This is the law of one afflicted with leprosy… he shall be brought to the Kohen… (14:2)

Even if the leper is himself a Kohen, he must go and consult with another Kohen. For "a man can see all afflictions except for his own."

- The Talmud, Nega'im 2:5

When Rabbi DovBer of Lubavitch was sixteen years old, his father entrusted him with the task of serving as a mashpia (a spiritual guide and mentor) to the young men in the chabad community.

Rabbi DovBer strongly encouraged his pupils to gather together in informal farbrengens to inspire, rebuke, and consult with one another in matters concerning the refinement of their character and their service of G‑d. "Look at it this way," said Rabbi DovBer, "when two Jews get together and one tells the other what ails his heart, or if one notices a negative trait in his fellow and discusses it with him, the result is two G‑dly souls taking on a single animal soul."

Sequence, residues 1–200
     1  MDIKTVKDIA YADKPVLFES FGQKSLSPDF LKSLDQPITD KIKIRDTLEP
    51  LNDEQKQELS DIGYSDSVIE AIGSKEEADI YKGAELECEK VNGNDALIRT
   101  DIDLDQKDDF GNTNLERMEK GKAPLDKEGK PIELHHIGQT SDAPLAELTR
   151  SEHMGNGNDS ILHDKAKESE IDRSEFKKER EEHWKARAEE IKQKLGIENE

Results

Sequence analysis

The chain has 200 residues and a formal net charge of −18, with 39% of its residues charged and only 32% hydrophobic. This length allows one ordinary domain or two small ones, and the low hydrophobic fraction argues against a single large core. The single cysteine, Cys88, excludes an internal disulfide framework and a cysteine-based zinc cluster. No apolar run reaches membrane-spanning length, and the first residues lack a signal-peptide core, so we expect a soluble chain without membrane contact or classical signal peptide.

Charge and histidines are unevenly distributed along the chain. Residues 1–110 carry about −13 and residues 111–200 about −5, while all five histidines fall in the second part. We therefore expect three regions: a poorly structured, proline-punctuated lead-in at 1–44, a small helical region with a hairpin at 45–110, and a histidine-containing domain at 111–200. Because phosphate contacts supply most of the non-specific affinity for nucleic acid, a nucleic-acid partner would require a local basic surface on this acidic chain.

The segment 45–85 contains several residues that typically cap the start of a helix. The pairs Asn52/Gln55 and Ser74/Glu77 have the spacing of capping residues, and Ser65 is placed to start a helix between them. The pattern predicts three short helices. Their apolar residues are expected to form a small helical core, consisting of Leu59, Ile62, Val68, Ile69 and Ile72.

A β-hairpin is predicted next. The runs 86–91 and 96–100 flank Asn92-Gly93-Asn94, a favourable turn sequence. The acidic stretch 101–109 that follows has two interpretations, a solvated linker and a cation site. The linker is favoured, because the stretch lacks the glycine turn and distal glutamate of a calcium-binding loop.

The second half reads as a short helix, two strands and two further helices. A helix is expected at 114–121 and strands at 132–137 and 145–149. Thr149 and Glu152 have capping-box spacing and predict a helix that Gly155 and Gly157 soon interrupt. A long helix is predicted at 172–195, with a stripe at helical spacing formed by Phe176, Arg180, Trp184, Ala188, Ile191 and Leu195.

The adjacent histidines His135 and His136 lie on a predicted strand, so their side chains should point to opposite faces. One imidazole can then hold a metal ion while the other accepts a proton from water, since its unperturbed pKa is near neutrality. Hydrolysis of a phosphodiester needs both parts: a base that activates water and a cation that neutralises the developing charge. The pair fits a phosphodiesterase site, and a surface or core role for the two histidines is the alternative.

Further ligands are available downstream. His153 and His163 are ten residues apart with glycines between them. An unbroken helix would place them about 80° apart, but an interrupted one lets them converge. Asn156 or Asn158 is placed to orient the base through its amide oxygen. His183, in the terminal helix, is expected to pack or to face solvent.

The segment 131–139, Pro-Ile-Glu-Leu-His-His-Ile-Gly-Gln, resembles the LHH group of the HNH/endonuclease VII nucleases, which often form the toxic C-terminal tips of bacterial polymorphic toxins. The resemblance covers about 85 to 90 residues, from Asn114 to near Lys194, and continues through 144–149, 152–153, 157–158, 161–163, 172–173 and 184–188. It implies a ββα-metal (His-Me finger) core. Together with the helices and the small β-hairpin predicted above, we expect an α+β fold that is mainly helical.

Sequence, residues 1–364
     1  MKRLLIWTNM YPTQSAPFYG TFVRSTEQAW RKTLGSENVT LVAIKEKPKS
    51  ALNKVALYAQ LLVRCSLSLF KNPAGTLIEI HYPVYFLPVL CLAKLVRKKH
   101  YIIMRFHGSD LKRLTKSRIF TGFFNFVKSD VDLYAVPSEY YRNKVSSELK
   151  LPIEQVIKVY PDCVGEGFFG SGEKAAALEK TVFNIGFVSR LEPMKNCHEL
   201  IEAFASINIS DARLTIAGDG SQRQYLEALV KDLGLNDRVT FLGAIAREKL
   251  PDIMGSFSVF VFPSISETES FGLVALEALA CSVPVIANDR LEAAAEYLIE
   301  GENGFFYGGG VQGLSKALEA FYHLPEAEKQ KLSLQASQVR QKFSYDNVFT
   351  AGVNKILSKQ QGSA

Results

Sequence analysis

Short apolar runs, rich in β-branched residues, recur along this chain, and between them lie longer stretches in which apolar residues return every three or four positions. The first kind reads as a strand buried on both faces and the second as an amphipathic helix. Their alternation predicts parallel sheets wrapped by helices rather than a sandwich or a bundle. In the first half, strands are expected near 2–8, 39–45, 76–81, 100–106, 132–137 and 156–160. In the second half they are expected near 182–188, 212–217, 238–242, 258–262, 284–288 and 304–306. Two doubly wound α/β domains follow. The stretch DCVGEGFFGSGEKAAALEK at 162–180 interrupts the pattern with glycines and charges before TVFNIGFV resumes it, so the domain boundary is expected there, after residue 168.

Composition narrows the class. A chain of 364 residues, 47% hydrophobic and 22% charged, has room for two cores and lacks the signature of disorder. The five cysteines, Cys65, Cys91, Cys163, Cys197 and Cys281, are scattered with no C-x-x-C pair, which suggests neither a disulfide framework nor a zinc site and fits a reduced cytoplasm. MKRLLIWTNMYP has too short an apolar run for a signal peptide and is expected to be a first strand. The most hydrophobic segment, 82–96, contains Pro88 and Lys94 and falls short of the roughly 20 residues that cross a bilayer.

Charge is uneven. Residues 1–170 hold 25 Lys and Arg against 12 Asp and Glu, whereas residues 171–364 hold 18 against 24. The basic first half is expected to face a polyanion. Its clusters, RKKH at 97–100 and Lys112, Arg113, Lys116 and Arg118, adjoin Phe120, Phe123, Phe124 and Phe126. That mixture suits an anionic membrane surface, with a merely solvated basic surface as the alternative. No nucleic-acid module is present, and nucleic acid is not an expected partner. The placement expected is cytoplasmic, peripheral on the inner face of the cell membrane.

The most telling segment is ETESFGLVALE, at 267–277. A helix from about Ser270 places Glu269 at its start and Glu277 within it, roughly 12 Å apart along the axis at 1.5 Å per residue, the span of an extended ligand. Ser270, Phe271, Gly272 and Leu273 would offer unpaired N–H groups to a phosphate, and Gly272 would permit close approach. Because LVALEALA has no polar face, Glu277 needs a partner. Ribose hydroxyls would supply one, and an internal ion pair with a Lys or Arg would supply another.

Every Jew possesses both an animal and G‑dly souls. The 'animal soul' is driven by the self-centered aspirations of physical life, and the 'G‑dly soul', by the selfless quest to serve the Almighty. But the animal soul, which is utterly self-oriented, has no interest in the triumph of her fellow animal soul; not so the G‑dly soul, who's only desire is that the will of her Creator be fulfilled. So when a person grapples alone with his spiritual ills, what we have is a one-on-one struggle of his two selves; but when two Jews get together, the animal soul of each is overwhelmed by a double onslaught of the Divine essence of man.